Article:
Polish growth to remain robust despite Eurozone and Russian weakness

By bne IntelliNews September 30, 2014

Jan Cienski in Warsaw -

For most of its history Poland has been trapped between Germany and Russia – usually with terrible results.

The same is true today. To the west, Germany and the wider eurozone are having trouble re-igniting growth and the currency union faces the threat of a triple dip recession.

To the east, Russia's military adventures in Ukraine have sent the Ukrainian economy and the hryvnia into a downward spiral, while Russia's economy is being squeezed by international sanctions.

That does create some potential dangers for the Polish economy, Standard & Poor's notes in a recent analysis of the Polish economy entitled: “Poland Faces External Risks To Otherwise Robust Growth”.

But, unlike in centuries past when Poland's neighbours were able to drag down and destroy the country, the effects from east and west this time around are likely to be muted – in large part thanks to the strength of the Polish economy.

“Standard & Poor's expects a robust macroeconomic performance from Poland this year and next. Rising domestic demand will underpin a return to higher growth rates, after a sharp slowdown in 2012 and the first quarter of 2013. Our forecast is for GDP growth of 3.1% in 2014 and 3.3% in 2015,” notes the ratings agency.

While the external environment is not benign, Poland is shielded by its large domestic market, flexible exchange rate and moderate labour costs. Low inflation means there will be a pickup in real wages which, coupled with gradually falling unemployment, should boost domestic demand. Finally, a spate of elections, beginning with local elections in November, followed by presidential ones next spring and a parliamentary vote in the autumn of 2015, mean that public spending is likely to loosen, again helping demand.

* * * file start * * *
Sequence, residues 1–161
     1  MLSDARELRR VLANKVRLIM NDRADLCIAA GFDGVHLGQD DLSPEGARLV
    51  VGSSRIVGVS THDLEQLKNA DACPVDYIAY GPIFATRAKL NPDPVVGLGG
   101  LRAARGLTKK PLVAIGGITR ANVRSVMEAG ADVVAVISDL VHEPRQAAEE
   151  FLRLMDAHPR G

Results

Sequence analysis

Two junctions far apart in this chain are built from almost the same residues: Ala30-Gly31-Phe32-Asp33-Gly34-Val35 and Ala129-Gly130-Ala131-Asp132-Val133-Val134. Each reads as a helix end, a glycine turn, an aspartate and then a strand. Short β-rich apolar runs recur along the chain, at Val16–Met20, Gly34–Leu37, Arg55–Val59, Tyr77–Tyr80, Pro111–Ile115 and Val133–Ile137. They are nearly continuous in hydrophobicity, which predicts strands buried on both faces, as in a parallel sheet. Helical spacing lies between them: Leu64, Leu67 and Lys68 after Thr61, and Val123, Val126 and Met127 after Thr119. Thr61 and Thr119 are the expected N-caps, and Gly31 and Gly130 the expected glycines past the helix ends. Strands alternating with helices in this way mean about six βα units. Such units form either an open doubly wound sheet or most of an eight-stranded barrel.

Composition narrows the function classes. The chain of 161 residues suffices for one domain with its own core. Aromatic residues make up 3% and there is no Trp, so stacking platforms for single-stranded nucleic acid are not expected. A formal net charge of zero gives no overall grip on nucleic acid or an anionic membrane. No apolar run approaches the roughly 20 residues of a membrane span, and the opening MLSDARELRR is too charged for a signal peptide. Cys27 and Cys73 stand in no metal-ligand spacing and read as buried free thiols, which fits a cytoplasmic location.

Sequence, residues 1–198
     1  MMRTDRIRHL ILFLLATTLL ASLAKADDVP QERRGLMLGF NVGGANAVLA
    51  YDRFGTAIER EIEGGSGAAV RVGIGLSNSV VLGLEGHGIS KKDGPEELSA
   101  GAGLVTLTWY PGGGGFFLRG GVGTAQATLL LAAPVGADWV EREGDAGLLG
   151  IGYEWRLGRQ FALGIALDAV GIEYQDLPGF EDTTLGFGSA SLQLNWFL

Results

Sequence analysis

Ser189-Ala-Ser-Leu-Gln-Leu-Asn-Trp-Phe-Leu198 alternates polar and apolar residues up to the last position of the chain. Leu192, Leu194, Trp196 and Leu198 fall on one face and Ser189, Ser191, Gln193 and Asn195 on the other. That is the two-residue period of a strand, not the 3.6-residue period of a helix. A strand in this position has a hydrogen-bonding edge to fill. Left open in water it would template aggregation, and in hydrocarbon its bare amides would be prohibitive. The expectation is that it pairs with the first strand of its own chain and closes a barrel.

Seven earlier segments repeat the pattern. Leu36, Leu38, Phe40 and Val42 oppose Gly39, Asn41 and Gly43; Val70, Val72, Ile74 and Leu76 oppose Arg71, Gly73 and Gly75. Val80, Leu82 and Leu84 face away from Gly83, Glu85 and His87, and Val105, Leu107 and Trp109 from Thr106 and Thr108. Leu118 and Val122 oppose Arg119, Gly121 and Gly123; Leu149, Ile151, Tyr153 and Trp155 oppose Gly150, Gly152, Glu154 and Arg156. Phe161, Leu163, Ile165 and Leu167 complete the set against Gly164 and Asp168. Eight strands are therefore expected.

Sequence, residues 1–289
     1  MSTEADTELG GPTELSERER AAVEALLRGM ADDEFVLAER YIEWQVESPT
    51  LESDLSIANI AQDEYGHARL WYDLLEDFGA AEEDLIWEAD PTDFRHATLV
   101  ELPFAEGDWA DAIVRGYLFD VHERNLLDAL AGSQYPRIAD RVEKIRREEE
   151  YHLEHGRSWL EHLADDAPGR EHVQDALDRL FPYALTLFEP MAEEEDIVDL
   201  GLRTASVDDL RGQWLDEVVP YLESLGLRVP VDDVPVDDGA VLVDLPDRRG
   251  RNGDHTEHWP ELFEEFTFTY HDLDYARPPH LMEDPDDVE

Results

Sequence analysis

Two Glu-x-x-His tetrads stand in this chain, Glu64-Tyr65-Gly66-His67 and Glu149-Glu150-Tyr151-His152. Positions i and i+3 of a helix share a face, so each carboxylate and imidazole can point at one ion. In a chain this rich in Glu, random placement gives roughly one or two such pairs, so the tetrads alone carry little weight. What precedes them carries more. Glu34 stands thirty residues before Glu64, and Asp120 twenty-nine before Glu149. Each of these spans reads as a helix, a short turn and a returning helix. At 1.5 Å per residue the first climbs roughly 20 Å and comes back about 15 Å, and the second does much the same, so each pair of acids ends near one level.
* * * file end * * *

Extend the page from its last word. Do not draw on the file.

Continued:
Although problems in the eurozone will have an impact, exports to the eurozone only account for about a fifth of Poland's GDP, much less than in smaller and more open economies such as  Hungary and the Czech Republic.

If the eurozone slump is much worse than S&P currently expects, Poland's growth could halve to about 1.6 per cent in 2015, but that is still far from a recession.

Direct fallout from Russia and Ukraine is also manageable. Moscow slapped restrictions on Polish exports a couple of days before extending them to the rest of the EU, and Poland stands to bear the highest cost of any European country – losing more than €1bn in trade – but the overall impact is still small.

S&P notes that “food exports to Russia account for only about 0.3% of Polish GDP, so that the macroeconomic effect of Russia's ban is rather small. Total merchandise exports to Russia and Ukraine were about 8% of Polish exports in 2013, or 3.2% of GDP, which is a non-negligible amount, but barring the escalation of sanctions and counter-sanctions between Russia and the West, the reduction in export volumes should not have a material macroeconomic effect.”

If the situation in Ukraine continues to deteriorate, then Poland could be hit by other effects, such as restrictions on Russian energy exports and a general investor wariness to a country that has become a frontline state in a new Cold War.

But again, Poland's broad domestic strength thanks to a quarter century of successful economic reforms have made the country more resilient to storms beyond its borders than it has been in centuries.

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